Channeling Grief Into Action
Anne Moss Rogers on Living with Your Child’s Death
- February 28, 2020, by Joan Tupponce
It only took a moment for Anne Moss Rogers’ life to change direction; only seconds for her to move from years of fear and dread to a life committed to service and education. That moment, when she learned her younger son, 20-year-old Charles, had died by suicide, was the most devastating moment of her life. But the heart-wrenching experience fueled her desire to help others.
Rogers and her husband were eating dinner in a restaurant on a Friday night – June 5, 2015 – when the Richmond police called. The call sent a shockwave through Rogers, who had been parenting Charles through issues of anxiety, depression, and drug use for several years. “It hit me that they were coming to say my child is dead,” she says. “I thought, This can’t be happening.”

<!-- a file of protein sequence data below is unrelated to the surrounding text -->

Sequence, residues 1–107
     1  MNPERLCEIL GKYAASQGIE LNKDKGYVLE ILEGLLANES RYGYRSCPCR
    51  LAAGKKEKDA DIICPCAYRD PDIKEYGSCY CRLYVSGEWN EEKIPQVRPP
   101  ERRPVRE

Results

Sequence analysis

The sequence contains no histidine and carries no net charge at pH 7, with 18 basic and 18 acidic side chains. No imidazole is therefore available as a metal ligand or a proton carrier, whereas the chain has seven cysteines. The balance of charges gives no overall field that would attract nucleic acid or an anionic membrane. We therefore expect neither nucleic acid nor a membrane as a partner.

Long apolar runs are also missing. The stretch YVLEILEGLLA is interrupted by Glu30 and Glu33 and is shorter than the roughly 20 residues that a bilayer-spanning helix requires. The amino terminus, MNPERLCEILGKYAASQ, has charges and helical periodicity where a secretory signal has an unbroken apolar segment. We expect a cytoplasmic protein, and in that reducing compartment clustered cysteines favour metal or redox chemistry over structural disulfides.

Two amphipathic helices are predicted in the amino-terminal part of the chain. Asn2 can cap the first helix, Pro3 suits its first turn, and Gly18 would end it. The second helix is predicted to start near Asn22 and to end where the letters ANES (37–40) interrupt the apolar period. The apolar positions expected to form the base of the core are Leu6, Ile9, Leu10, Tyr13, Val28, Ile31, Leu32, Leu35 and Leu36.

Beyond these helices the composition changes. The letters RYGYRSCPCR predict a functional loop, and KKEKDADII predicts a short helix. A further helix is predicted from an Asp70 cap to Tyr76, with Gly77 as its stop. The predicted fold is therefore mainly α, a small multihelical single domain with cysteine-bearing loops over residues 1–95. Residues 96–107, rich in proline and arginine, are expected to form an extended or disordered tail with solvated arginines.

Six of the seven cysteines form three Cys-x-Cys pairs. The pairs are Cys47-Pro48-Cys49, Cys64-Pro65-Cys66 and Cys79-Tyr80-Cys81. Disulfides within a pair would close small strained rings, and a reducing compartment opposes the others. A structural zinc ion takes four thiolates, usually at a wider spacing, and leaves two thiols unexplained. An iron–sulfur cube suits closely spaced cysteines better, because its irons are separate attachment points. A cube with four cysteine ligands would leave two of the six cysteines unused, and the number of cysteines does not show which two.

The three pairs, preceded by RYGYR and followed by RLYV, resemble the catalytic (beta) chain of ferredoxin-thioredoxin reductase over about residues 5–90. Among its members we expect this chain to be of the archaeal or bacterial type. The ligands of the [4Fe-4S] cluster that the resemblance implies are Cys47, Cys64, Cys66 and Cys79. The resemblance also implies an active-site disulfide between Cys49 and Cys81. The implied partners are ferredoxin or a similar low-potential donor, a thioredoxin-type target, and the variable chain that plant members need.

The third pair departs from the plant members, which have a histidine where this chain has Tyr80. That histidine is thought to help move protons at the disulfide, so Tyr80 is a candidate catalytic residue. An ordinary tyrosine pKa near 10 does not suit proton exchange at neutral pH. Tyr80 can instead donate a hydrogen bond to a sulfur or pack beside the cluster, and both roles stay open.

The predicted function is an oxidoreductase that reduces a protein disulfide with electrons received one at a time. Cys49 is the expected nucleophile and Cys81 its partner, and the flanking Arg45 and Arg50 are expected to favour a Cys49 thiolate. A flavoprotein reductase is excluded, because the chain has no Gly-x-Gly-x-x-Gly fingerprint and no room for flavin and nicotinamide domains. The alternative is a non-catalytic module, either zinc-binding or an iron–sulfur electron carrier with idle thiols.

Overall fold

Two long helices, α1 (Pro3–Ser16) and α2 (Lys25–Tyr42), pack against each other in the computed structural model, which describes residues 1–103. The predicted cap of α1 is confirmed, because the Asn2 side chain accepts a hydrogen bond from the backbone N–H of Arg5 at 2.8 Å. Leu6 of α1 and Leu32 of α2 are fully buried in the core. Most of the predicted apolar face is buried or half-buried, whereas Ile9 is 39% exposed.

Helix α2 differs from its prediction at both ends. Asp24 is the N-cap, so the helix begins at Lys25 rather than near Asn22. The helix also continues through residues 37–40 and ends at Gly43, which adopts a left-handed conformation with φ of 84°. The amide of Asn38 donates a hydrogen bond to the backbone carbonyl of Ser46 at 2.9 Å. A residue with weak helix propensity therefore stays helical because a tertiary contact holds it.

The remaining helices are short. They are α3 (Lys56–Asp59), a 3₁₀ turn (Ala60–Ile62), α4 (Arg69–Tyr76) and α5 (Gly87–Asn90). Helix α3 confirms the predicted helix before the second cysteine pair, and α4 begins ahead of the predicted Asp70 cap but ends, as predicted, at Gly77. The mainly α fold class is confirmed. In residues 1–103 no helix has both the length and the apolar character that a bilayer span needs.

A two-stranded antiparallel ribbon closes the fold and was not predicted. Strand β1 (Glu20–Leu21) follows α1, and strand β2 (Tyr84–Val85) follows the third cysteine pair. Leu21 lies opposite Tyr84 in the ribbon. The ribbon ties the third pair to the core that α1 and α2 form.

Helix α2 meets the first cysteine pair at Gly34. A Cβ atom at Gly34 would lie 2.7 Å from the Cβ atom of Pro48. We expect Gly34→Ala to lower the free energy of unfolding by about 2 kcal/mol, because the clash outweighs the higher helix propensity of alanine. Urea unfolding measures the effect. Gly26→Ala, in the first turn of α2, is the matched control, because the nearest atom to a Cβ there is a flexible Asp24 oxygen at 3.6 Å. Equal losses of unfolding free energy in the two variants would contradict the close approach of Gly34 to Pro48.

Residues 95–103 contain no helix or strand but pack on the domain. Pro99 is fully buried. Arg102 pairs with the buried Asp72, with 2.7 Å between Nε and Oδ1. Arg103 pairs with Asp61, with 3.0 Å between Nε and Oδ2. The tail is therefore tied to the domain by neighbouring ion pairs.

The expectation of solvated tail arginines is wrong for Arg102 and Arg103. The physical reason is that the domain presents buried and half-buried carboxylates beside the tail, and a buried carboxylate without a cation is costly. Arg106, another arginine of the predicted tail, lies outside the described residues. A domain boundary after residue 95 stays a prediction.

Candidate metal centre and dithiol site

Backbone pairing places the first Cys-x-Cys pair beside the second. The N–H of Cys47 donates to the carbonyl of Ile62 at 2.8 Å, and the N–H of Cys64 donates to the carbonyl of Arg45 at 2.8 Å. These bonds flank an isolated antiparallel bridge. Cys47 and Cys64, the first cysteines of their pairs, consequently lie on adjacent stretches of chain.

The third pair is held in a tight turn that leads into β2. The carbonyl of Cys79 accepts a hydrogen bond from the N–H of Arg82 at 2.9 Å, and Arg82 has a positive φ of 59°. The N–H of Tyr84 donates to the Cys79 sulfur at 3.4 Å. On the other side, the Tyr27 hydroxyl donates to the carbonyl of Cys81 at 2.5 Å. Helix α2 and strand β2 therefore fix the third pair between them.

Rogers immediately thought Charles died of an overdose, but the police told her he died by other means and that it was a suicide…..
4 thoughts on “Feature article in March 2020 RFM”
I just read the RFM article on you. Your description of a “brain attack”, using a comparison to the progression of a coronary event into a full-blown heart attack is simply, in my not very humble opinion, spot on. You are an exemplar of what I am struggling to do and your blog is helping me continue the struggle. Thank you.
That comment, the one you just posted, is why I do what I do. It means so much. Thank you.
So amazing. Such good work.
Joan is a good writer. That helps. I so appreciate the publicity for this cause